Apocalypse Now is horror and moral terror personified. After experiencing almost every facet of the Vietnam War, I feel like everything was leading up to this. Apocalypse Now is the war movie to end all war movies. The ultimate statement of the many horrors of war. Some have even called it the greatest movie ever made. Something famed director Francis Ford Coppola is no stranger to. Apocalypse Now would go on to become a definitive work from the New Hollywood Era of the 70’s. Inspiring countless imitators, parodies, and even an entire comedy paying homage to it. But the road to get there may be one of the most infamously trying in movie history.
You can’t blame me for being a little fascinated by that. The film was based on the 1899 novella Heart of Darkness. The Congo was just changed to Vietnam, among other differences. The Vietnam War is still one of the most controversial wars ever fought. Always an endurance test no matter the presentation. With a little help from his friend George Lucas, Coppola’s shoot took years to finish, went over budget, and drove the crew as insane as Vietnam itself. All of which can be seen in the documentary Hearts of Darkness: A Filmmaker’s Apocalypse. Only the most passionate filmmaker could be dedicated enough to pull off something like Apocalypse Now…
Apocalypse Now was already a challenge since no other screenwriter successfully adapted Heart of Darkness. George Lucas and writer John Milius were both too busy to director, so Francis Ford Coppola became involved. His familiarity with character driven epics makes him an ideal choice. Casting was the next headache since it became a who’s who of 1970’s Hollywood. Harvey Keitel was initially cast as the lead, Captain Willard, before being replaced by Martin Sheen. Sheen was so drunk and facing a mental breakdown during his infamous hotel scene that he cut his hand punching a mirror. Then he suffered a heart attack that halted production and had to be temporarily filled by his brother. I’d never guess his brother was the one performing all of the narration. Sheen’s subtle performance is just as great as all the other major stars.
Robert Duvall’s war obsessed Lieutenant Colonel Kilgore earned him an Oscar nod. His most iconic line being “I love the smell of napalm in the morning.” Young Harrison Ford even appears as one of the officers who wants Willard to terminate rogue Army Colonel Kurtz with extreme prejudice. Everything in Apocalypse Now leads to his reveal. Although plenty of uncomfortable war atrocities are seen including the “Ride of the Valkyries” beach scene, a river boat is the real setting. Willard is accompanied by a variety of Vietnam soldiers with the same secret mission. Albert Hall steers the boat and questions Willard’s leadership as Phillips. Frederic Forrest cooks up a notable performance as Chef. Sam Bottoms tries to bring levity to Lance, but ultimately loses it. A 14 year old Laurence (or Larry) Fishburne had to lie about his age just to play 17 year old Mr. Clean. Ironically turning 17 by the time shooting wrapped. He’s easily the most tragic figure in this unforgiving war.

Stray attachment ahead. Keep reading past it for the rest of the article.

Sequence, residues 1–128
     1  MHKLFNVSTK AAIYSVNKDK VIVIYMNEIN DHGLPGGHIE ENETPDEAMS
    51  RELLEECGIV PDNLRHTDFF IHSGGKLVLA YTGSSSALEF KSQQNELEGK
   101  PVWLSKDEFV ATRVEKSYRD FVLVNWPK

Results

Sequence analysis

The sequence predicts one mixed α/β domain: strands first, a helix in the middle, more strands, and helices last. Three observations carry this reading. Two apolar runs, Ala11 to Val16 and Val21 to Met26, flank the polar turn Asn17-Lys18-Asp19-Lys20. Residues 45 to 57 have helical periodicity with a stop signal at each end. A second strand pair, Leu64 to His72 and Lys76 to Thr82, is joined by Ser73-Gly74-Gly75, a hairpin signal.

Not even a Playboy Playmate performance can distract from their mission. As they’re forced to kill innocents and question their own morality. Until only two remain. Kurtz is said to have lost his mind and present himself as some sort of god to a Cambodian tribe. Dennis Hopper doesn’t help the assumption as a war photographer who calls him a poet. The reveal of Kurtz is practically mythical. Shrouding him in darkness with philosophical lines off the top of Marlon Brando’s head. Only an actor as brilliant as Brando could make that work. His weight was just an issue since more scenes with him would be difficult to pull off. Although Willard makes it to Kurtz, he’s unsure what to do next. Kurtz makes him question the war, his role in it, and the horrors he’s witnessed. Endings vary, but Willard finally decides to finish his mission. Rising from the river camouflaged in another iconic shot. Before becoming the very thing he sought to destroy.
Other filming difficulties included entire sets being destroyed, a payroll being stolen, strained actor relationships, and the killing of a real water buffalo. The movie wasn’t even finished when it first premiered. Even then the theatrical release wasn’t the only version. As a 3 hour Redux was made with more nudity and character moments. Then again with a Final Cut that Coppola prefers. The lack of opening and closing credits still confuses me though. No matter the version, Apocalypse Now captures the look and sound of Vietnam flawlessly. Whether it’s helicopters against an orange sun or use of “The End” by The Doors. Although the Academy Awards went with the safe choice, Apocalypse Now still earned 8 nominations. Best Picture, Director Francis Coppola, Supporting Actor Robert Duvall, Adapted Screenplay, Art Direction, and Film Editing. Winning for Best Cinematography and Sound. Apocalypse Now is a lesson in perseverance that shows war for what it truly is. “The horror… the horror.”